“I’ve had white friends who told me how much they liked Andrew, and I know they voted for DeSantis,” Odom said.
Marvin Dunn, a historian of race relations in Florida, believes that Gillum’s race was a factor, but not the only one. His unapologetic progressive political positions turned off some moderates, and a FBI investigation into corruption in Tallahassee — though Gillum said he was told he was not a target of the inquiry — dented his image, Dunn said.
“Florida is changing. It is amazing that Gillum came within a whiff of winning, something that I would not have imagined 10 years ago,” said Dunn, a retired Florida International University professor. “It doesn’t mean racism has left Florida, the state is still a daughter of the Confederacy, but the balance of power is shifting. Race is less of an issue than it would have been in the past.”
DeSantis, for his part, has denied that race played any role in his campaign and called on Gillum to concede. Gov. Rick Scott, bogged down in a recount in his own tightly contested campaign for Senate with the incumbent Democrat Bill Nelson, has also called for a quick end to the recount.
So has President Donald Trump, who echoed Scott’s so-far-unsubstantiated claims of voting irregularities. “The Florida Election should be called in favor of Rick Scott and Ron DeSantis in that large numbers of new ballots showed up out of nowhere, and many ballots are missing or forged. An honest vote count is no longer possible — ballots massively infected. Must go with election night!,” the president tweeted Monday.
“You sound nervous,” Gillum replied on Twitter. Still, Gillum has raised his own claims of voting disparities. He cited a report that a handful of voters in Bay County, a predominantly white Gulf Coast area ravaged by Hurricane Michael last month, were allowed to cast votes by email or fax while voters in more diverse counties on Florida’s densely populated East coast were screened more rigorously.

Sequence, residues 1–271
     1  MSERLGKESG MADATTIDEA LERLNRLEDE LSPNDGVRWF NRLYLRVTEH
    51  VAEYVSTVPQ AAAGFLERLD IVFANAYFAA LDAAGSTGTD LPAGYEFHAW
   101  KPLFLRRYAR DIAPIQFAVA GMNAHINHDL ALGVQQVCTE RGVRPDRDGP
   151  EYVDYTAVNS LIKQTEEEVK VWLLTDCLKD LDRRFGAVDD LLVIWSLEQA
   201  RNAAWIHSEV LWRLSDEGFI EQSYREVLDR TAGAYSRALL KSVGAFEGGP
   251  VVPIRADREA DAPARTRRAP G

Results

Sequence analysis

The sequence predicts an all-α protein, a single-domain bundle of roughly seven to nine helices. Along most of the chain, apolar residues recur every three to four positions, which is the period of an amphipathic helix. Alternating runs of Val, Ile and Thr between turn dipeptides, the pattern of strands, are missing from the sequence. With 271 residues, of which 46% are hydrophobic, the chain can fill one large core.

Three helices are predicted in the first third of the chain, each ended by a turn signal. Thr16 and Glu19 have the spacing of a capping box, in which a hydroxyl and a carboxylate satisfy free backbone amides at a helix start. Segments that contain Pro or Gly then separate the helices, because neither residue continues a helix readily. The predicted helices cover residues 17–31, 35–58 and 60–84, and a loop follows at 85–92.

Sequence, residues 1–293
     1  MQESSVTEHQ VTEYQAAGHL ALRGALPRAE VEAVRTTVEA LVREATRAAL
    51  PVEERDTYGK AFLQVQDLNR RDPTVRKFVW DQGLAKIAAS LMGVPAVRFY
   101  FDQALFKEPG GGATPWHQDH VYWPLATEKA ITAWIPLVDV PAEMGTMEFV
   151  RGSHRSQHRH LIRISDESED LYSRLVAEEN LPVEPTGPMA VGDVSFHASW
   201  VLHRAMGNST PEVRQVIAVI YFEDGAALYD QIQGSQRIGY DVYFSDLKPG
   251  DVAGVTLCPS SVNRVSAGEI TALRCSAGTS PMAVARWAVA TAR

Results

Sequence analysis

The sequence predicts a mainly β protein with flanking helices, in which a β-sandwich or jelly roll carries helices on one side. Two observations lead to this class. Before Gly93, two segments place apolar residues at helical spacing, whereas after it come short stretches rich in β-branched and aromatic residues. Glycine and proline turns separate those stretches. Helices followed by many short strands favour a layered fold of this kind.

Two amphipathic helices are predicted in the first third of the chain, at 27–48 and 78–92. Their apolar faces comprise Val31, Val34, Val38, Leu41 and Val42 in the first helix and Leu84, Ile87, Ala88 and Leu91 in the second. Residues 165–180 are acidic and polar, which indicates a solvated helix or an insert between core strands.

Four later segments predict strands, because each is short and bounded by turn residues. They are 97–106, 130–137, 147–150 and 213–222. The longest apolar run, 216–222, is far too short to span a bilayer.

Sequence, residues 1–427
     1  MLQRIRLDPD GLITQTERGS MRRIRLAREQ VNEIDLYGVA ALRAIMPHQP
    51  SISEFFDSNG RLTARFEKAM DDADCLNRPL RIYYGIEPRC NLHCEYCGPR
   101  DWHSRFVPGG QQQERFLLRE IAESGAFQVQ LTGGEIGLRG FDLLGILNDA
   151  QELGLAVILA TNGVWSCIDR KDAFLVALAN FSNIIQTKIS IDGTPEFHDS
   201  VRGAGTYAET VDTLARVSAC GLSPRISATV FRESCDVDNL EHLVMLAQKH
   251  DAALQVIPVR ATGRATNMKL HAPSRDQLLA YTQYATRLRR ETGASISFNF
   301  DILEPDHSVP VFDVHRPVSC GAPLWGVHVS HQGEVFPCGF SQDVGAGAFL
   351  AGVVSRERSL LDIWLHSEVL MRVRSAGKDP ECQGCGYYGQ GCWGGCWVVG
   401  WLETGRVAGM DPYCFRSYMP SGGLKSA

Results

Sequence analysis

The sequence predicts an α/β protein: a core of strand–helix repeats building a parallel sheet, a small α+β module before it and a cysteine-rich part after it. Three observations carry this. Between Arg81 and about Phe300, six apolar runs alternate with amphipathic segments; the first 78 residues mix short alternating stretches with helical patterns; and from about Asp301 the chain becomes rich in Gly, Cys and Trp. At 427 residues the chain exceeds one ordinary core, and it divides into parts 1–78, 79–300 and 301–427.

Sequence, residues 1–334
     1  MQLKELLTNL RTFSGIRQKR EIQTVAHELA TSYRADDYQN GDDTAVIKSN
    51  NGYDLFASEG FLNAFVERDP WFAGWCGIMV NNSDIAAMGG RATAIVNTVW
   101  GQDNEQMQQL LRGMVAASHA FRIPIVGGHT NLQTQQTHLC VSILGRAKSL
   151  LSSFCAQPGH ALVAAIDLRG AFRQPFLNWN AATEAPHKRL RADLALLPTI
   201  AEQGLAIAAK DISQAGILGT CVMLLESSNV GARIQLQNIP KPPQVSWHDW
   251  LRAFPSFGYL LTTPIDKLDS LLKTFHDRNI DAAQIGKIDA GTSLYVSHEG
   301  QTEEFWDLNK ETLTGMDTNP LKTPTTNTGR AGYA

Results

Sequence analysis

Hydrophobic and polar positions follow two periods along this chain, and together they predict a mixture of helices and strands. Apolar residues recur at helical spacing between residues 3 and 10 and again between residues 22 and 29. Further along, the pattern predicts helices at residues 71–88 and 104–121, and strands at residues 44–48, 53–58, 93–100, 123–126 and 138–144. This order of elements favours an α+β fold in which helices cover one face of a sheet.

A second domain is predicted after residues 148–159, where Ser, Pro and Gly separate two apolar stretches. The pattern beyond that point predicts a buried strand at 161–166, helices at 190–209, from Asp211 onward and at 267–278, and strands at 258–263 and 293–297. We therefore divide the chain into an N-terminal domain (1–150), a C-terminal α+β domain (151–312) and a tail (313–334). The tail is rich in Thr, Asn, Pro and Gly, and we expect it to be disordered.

“In Bay County, they were accepting votes by email,” he told his audience in Boynton Beach — 12 miles south of the president’s golf resort and Winter White House, Mar-a-Lago. “That was a deeply red county, a county I competed for even though I knew it was a deeply Republican area. But they want to question a man or a woman around here who stood 30 or 45 minutes or an hour in line?”
Gillum’s penchant for punching back has created an unusually deep bond between the mayor and African-American Floridians, who make up about 13 percent of the state’s registered voters.
But how he carries that forward is still unclear. Gillum will finish his term as mayor of Tallahassee later this month; he has not ruled out running again for governor, and plans to spend the immediate future carving out a role as a national champion in the fight against voter suppression and disenfranchisement, which he sees as the central civil rights struggle of the Trump era, according to a half-dozen friends and associates.
Yet if he is uncertain about his future, his supporters are equally unsure about their own.
Like many black leaders, John White II, pastor of Immanuel Temple African Methodist Episcopal Church in Pembroke Pines, threw his support behind Gillum early last year. But he did so with a gnawing foreboding about the outcome, and the election has done little to dispel his enthusiasm.
“I was apprehensive at first. I did not think the state was ready to embrace a candidate that looked like me,” said White, 49. “Here was this guy who was not your typical candidate and he was going after progressive and millennials like no one before him. And he was running this Obama-type campaign. I just found myself on board and thinking, maybe I am wrong about Florida.”